Last Orders at Mrs Roberts’

The Daily Mail reports that a Waugh landmark in North Wales is about to disappear. This is the Fair View Inn in Llanddulas which was the model for the pub in Llanabba run by Mrs Roberts (but never otherwise identified or named). This was the preferred local for the staff of Llanabba School. According to the Mail:

A pub once frequented by novelist Evelyn Waugh which featured in his masterpiece ‘Decline and Fall’ will be developed for housing after a High Court ruling. Waugh taught at a prep school near the Fair View Inn in Llanddulas, North Wales, and it became the model for ‘Mrs Roberts’ Pub’ in his much-loved 1928 comic novel. Paul Pennyfeather […] drank there with fellow teachers when escaping from their duties at fictional school, Llanabba.

There are at least four visits to the pub recorded in Waugh’s novel and one of the illustrations drawn by Waugh himself depicts Pennyfeather and Grimes chatting over their pints next to the fireplace. The pub, which is down the hill from the school, is introduced by Grimes to the reader with this:

“Here’s the pub. Not such a bad little place in its way. Clutterbuck’s father makes all the beer round here. Not bad stuff, either. Two pints please, Mrs Roberts.” (Penguin Classics, 2011, pp. 30, 32)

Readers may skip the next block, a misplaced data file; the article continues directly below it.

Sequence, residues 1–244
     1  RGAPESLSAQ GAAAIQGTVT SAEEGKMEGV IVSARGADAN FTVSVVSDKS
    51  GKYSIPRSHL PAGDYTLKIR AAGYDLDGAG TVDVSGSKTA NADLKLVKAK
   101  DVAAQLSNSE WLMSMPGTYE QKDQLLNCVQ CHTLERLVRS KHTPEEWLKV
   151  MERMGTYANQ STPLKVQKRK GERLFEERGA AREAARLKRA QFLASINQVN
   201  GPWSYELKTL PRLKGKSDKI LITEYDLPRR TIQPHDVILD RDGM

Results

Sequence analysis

In the Mail, photos of the pub’s most recent iteration show the signage of Marstons Brewery. The reasons for its demise are explained in the Mail’s story. After it fell on hard times and closed in 2017, it was acquired by a social housing developer to be turned into residential units (a 4BR house and 24 1&2BR flats). The locals complained, inter alia, that the loss of an important community amenity was inconsistent with applicable planning policy and argued against planning permission for the new build;  but this argument was rejected because there was another pub in the village called the Valentine. As reported by the Mail:

[…] council lawyers pointed out that the village still has one surviving pub and is also equipped with a community hall and a Royal British Legion Club. The purpose of the policy was to guard against the village being left with no pub at all, he said. And councillors were not obliged to compare the facilities on offer at the Valentine against those lost when the Fair View Inn closed.

In the novel, when the schoolmasters visit the pub after the sports day the members of the Llanabba Silver Band are arguing about the division of their earnings from performing at that event. Grimes declines to intervene and advises Paul: “Take my tip, old boy: never get involved in a Welsh wrangle. It doesn’t end in blows, like an Irish one, but goes on forever. They’ll still be discussing that three pounds at the end of term; just you see.” Several days (and pages of text) later, after Grimes’ ill-fated marriage, he and Pennyfeather retire to the pub for the last time: “‘Drinks are on me tonight,’ said Grimes. The Silver Band were still sitting with their heads together discussing the division of their earnings.” (Penguin Classics, pp. 112, 138)





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